Young pod and flower of asparagus pea Lotus tetragonolobus, from here.

A number of Lotus species, particularly L. corniculatus and the greater lotus L. uliginosus*, are used as pasture legumes and have become established around the world as a result. Though arguably less productive than alternative legumes such as clover, they are often able to tolerate more marginal habitats (particularly waterlogged ground). Some species do contain secondary metabolites that can produce cyanide, but concentrations are not usually high enough to be a concern. The asparagus pea Lotus tetragonolobus (also known as Tetragonolobus purpureus) is grown for more direct human consumption, with the pods being eaten before they reach maturity. The name ‘asparagus pea’ is supposed to refer to their flavour, but this website expressed the opinion that: “If you have an excessively moist mouth, and are looking for something to suck all the moisture out and leave you all pasty, then asparagus peas are the vegetable for you.”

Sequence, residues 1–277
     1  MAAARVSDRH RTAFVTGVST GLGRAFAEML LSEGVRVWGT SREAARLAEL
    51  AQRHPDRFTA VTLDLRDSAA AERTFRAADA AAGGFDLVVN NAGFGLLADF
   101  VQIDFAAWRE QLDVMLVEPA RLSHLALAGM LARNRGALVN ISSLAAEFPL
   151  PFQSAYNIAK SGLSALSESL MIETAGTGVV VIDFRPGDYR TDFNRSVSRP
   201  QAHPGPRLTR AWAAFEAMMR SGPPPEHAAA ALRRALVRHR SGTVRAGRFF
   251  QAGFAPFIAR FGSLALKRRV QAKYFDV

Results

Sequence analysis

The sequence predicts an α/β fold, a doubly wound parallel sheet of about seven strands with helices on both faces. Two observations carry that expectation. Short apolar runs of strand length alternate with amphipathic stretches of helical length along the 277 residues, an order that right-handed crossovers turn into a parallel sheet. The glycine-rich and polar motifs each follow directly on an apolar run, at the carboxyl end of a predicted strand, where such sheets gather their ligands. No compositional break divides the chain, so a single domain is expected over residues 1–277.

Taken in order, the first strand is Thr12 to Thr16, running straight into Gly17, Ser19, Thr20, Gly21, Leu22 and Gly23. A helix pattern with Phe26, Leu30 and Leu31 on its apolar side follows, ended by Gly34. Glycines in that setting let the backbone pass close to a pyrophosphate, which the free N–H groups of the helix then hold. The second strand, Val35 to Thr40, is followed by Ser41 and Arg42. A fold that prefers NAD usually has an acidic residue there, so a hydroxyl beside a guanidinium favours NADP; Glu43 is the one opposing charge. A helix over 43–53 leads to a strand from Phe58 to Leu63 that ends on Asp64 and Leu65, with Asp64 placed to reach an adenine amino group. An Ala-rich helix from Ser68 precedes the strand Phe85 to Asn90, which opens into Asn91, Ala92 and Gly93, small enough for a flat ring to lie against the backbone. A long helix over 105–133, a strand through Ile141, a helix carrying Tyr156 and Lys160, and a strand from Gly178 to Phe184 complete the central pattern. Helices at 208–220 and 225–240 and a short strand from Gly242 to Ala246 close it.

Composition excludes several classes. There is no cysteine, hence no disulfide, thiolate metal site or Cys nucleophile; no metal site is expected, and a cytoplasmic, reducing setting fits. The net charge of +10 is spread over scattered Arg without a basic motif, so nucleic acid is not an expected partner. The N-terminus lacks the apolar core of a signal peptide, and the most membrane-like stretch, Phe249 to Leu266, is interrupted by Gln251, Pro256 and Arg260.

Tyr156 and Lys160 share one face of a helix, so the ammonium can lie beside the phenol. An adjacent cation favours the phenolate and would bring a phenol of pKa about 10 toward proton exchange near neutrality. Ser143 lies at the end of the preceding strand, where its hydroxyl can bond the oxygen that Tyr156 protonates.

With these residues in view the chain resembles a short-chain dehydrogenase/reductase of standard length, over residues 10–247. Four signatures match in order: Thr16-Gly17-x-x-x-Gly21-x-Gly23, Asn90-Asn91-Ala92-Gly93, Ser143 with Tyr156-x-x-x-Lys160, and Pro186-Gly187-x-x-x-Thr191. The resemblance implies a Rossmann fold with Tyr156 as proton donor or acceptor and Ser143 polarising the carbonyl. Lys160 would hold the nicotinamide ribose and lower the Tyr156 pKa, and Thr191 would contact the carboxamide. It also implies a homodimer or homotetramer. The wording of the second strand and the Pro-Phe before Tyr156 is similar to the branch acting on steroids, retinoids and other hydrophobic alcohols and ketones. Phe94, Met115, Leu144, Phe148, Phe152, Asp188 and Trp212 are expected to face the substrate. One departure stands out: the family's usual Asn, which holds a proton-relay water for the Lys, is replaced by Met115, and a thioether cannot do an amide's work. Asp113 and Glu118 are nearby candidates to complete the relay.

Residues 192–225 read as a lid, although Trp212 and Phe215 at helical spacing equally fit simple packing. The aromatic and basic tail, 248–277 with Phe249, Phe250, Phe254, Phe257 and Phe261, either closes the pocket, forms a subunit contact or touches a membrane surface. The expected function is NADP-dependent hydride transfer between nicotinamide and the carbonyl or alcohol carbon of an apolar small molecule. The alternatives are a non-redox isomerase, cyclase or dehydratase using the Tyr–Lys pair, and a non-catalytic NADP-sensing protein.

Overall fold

*There seems to be some disagreement out there about whether Lotus uliginosus should be recognised as distinct from L. pedunculatus. Kirkbride (1999) uses L. uliginosus as a distinct taxon.

Systematics of Lotus

Characters (from Hickman 1993): Annual, perennial, or shrub, unarmed. Leaves generally odd-1-pinnate (sometimes more or less palmately compound, rarely some or most simple); stipules conspicuous or not; leaflets 3–many, often irregularly arranged. Inflorescence an umbel or one- or two-flowered, axillary, generally peduncled, often bracted. Corolla generally yellow (sometimes white or pink), fading darker; 9 filaments fused, 1 free. Fruit dehiscent or not, exserted from calyx or not, ovoid to oblong, more or less beaked. Seeds 1–several.

    |--L. aboriginus [=L. aboriginum (l. c.)]H93
    |--L. angustissimusGK00
    |--L. argophyllusH93
    |    |--L. a. var. argophyllus [incl. L. argophyllus var. decorus]H93
    |    |--L. a. var. adsurgensH93
    |    |--L. a. var. argenteus [incl. L. argophyllus var. ornithopus]H93
    |    |--L. a. var. fremontiiH93
    |    `--L. a. var. niveusH93
    |--L. argyraeusH93
    |    |--L. a. var. argyraeusH93
    |    |--L. a. var. multicaulisH93
    |    `--L. a. var. notitiusH93
    |--L. australisP09
    |--L. benthamiiH93
    |--L. conimbricensisY98
    |--L. corniculatusBB99
    |--L. crassifoliusH93
    |    |--L. c. var. crassifoliusH93